This legislation will also provide resources for our troops in the Middle East who have faced their own attacks from Iranian-backed militias as they continue the important mission of defeating ISIS, as well as our naval forces who are protecting international commerce in the Red Sea from persistent attacks by the Houthis.

The bill will provide lifesaving humanitarian assistance for vulnerable people who have been impacted by conflicts around the world.  That includes millions of Ukrainians who have been displaced by Russia’s war of conquest, as well as conflicts in Sudan and Nagorno-Karabakh.

It will also support the urgent needs of the more than 2 million Palestinian civilians in Gaza, the vast majority of whom have nothing to do with Hamas and are suffering acutely as a result of this conflict.

We are engaged every single day, directly and at the highest levels, on getting more aid into Gaza.  And we’re working around the clock to find a way forward that brings peace, security, and dignity for both the Palestinian people and the Israeli people, with the security of the State of Israel guaranteed.

This bill also increases our support to our allies and partners in Asia amid our strategic competition with the People’s Republic of China and threats from an increasingly aggressive North Korea.

President Biden is urging the Speaker of the House to quickly bring this bill to the floor of the House of Representatives for a vote.  We know that it will pass on an overwhelmingly bipartisan basis, just as it did in the Senate.

And as the President has said, we cannot afford to wait any longer.  Every day Congress delays comes at a cost to the national security interests of the United States.

To close where I started, we are increasingly getting reports of Ukrainian troops rationing ammunition on the frontlines as Russian forces continue to attack both on the ground and from the air, trying to wear down the Ukrainian defenses that we’ve worked so extensively to build up over the past two years. 

American factories are producing more weapons and ammunition than they had in years thanks to our investments.  But in order to keep that up, we need Congress to act.

As National Security Advisor, I will tell you that our allies and our adversaries alike are watching what Congress does very closely.  There are those here and abroad who say U.S. leadership and our alliances and partnerships with countries around the world don’t matter.  I’m here to tell you they do.  Our alliances make us stronger; they make us safer.  And passing this bill will send an important message of unity and strength, as well as American resolve, to the rest of the world.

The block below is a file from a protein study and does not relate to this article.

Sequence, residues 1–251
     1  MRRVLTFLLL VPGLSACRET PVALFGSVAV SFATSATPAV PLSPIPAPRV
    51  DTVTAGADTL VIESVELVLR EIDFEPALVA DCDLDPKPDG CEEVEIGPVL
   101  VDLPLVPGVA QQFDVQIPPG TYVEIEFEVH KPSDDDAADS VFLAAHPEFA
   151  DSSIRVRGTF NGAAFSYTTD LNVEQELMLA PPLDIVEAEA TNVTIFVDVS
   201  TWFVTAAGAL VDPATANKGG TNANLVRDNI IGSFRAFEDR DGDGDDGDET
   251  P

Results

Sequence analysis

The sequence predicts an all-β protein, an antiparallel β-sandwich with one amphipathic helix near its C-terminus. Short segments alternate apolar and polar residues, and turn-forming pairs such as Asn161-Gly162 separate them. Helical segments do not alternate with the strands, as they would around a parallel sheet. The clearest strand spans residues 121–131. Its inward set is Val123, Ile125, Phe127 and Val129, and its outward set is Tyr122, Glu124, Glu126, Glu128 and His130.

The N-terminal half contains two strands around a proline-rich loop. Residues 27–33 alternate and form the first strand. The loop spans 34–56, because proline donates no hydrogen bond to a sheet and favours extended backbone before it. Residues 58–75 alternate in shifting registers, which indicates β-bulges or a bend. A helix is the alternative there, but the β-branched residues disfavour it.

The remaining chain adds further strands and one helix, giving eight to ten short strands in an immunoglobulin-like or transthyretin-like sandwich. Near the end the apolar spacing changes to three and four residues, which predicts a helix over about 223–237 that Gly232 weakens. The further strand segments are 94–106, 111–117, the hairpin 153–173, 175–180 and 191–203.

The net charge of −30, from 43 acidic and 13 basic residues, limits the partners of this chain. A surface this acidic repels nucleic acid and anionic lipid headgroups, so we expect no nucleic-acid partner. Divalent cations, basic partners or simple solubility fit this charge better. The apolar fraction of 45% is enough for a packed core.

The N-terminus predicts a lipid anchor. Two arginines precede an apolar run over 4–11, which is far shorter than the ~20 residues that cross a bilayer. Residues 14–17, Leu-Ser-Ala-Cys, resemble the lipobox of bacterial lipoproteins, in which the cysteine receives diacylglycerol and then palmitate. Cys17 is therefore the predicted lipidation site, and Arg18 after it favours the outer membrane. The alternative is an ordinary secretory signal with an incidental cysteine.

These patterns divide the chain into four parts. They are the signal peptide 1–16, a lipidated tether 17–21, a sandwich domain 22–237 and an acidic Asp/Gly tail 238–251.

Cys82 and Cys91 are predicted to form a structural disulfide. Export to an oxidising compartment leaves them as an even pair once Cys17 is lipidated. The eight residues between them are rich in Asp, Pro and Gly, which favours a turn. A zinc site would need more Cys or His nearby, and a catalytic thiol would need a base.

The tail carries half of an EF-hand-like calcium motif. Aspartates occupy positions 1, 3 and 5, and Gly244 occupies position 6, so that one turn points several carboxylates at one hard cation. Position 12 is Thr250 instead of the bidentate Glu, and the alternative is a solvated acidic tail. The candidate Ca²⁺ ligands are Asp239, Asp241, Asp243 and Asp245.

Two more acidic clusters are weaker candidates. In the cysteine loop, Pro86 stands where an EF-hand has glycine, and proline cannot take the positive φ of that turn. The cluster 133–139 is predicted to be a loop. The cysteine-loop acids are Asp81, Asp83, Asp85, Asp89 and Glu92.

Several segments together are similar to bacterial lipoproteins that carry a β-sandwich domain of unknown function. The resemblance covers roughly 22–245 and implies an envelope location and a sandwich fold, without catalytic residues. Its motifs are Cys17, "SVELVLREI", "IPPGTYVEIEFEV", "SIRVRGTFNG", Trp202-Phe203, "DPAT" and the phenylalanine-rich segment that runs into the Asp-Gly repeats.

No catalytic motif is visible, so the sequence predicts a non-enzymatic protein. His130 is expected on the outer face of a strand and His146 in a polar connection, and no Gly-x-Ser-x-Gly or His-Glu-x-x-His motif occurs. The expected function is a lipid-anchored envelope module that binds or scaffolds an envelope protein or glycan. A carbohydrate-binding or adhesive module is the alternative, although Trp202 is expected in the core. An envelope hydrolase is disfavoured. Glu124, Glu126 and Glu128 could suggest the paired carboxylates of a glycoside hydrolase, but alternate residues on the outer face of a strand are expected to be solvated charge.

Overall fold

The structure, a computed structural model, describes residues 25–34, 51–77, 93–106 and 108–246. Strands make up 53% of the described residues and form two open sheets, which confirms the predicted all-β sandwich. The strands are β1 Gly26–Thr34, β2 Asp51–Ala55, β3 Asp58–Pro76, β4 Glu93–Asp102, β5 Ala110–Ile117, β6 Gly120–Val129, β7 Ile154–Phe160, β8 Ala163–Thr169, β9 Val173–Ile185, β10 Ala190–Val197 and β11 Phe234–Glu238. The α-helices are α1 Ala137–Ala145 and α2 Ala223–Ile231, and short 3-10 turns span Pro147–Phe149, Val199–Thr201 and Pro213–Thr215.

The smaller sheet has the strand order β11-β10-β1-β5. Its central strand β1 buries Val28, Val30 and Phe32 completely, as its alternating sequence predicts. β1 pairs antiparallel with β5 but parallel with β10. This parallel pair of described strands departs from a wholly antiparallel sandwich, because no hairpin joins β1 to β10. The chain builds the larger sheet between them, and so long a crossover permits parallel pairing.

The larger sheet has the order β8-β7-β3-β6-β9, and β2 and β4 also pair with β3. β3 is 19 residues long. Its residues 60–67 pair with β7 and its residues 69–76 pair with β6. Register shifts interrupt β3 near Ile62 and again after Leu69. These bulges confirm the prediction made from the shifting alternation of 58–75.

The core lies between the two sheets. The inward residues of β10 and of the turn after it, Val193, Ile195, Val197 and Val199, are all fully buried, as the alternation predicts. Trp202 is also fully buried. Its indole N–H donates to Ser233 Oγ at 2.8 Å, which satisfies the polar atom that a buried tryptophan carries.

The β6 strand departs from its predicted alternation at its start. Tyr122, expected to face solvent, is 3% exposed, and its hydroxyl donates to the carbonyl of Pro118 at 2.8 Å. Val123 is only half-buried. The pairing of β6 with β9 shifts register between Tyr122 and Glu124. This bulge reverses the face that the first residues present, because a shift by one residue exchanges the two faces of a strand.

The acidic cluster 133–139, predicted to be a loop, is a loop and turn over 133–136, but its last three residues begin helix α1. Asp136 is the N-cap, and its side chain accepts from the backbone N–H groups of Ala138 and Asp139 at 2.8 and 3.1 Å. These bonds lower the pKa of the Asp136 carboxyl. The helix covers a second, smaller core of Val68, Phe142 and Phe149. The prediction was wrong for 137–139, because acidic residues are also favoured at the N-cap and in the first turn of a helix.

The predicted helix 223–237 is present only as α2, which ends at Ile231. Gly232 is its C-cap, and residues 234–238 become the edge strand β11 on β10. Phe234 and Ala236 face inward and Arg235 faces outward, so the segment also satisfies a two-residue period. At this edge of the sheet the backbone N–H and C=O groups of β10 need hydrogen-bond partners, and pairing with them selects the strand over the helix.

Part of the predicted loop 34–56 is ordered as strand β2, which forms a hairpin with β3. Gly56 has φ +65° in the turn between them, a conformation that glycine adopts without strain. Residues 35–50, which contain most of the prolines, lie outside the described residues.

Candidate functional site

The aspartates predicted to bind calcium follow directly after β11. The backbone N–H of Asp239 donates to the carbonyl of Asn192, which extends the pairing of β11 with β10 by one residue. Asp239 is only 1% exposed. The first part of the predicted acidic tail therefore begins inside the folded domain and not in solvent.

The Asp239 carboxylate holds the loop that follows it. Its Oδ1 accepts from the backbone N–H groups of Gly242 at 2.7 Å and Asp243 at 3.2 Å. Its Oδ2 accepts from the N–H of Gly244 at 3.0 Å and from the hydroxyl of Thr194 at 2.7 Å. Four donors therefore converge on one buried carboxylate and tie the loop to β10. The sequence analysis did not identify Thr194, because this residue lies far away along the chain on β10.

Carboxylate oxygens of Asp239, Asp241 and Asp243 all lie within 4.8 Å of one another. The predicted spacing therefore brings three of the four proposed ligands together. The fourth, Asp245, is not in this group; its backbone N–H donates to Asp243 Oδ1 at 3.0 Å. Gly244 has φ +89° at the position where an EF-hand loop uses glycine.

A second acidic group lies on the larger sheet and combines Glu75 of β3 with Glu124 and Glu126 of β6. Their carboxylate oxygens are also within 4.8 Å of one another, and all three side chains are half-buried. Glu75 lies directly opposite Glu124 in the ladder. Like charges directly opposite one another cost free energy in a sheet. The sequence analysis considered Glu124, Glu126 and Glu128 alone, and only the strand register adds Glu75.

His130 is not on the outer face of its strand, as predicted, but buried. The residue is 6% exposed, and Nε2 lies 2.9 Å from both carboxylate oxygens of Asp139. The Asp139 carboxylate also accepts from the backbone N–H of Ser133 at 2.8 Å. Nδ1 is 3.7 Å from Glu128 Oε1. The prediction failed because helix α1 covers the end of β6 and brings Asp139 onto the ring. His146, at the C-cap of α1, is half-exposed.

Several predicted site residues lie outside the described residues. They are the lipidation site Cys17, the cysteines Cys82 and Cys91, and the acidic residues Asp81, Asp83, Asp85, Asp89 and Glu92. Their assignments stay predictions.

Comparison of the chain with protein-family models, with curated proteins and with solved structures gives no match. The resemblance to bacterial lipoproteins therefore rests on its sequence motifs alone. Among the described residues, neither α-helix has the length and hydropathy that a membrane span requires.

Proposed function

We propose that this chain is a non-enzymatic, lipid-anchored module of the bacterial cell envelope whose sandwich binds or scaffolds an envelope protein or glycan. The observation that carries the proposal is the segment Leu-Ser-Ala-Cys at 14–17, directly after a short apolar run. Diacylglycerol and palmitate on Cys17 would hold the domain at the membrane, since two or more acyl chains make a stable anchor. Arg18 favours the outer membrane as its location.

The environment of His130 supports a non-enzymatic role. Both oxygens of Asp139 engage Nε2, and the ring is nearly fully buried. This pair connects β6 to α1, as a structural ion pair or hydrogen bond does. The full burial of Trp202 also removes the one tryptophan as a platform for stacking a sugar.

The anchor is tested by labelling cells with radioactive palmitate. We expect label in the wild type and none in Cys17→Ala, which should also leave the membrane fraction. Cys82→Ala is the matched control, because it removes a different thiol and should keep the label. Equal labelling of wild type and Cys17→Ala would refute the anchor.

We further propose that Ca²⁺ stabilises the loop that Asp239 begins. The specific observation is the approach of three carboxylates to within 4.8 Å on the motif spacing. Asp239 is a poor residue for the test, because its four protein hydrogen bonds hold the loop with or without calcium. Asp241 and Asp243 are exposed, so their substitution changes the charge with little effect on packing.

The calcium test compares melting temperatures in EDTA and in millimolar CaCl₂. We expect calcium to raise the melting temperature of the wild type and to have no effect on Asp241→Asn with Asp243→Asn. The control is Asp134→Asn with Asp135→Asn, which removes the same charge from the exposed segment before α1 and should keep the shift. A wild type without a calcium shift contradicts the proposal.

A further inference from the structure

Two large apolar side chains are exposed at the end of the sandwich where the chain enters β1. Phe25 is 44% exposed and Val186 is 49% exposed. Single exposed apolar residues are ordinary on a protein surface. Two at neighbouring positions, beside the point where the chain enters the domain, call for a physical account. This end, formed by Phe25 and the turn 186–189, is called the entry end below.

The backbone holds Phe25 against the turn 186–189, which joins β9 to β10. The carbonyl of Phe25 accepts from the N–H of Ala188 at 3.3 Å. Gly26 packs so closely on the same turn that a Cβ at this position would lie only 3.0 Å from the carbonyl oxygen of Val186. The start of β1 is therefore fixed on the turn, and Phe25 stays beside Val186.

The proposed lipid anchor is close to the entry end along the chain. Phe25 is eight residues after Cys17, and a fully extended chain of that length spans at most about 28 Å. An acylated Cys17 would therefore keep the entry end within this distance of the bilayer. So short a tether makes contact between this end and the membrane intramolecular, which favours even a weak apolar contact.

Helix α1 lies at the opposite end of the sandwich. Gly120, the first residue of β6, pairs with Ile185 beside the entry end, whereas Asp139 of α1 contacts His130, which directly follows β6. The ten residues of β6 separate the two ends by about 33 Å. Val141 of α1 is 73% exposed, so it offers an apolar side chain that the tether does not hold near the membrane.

President Biden is determined to get this done.  And we’re asking Congress to do their part.

And with that, I’d be happy to take your questions.

MODERATOR:  Thank you, Jake.  We will now take questions from reporters.  A reminder to please use the “Raise Hand” feature, and please state your name and news outlet when called on.
We will begin with Kellan Howell with Scripps News.

Q    Hi, thanks so much for doing this call and for taking my question.  I’m wondering, Jake, if you can talk about the impact you expect this new sanctions package to have that John Kirby earlier today said was being rolled out.  I understand you can’t talk about the details of the sanctions, but if you could speak to the impact those sanctions might have. And then, separate, could you also address consideration for a loan to Ukraine absent congressional action?  Is that something that the White House is talking about?  Thanks.

MR. SULLIVAN:  So, on the first question, as you heard from John Kirby earlier today, we are planning to roll out a package of sanctions at the end of this week, which will come, obviously, in the wake of the tragic death of Aleksey Navalny.  And you heard President Biden say that Putin is responsible for Navalny’s death.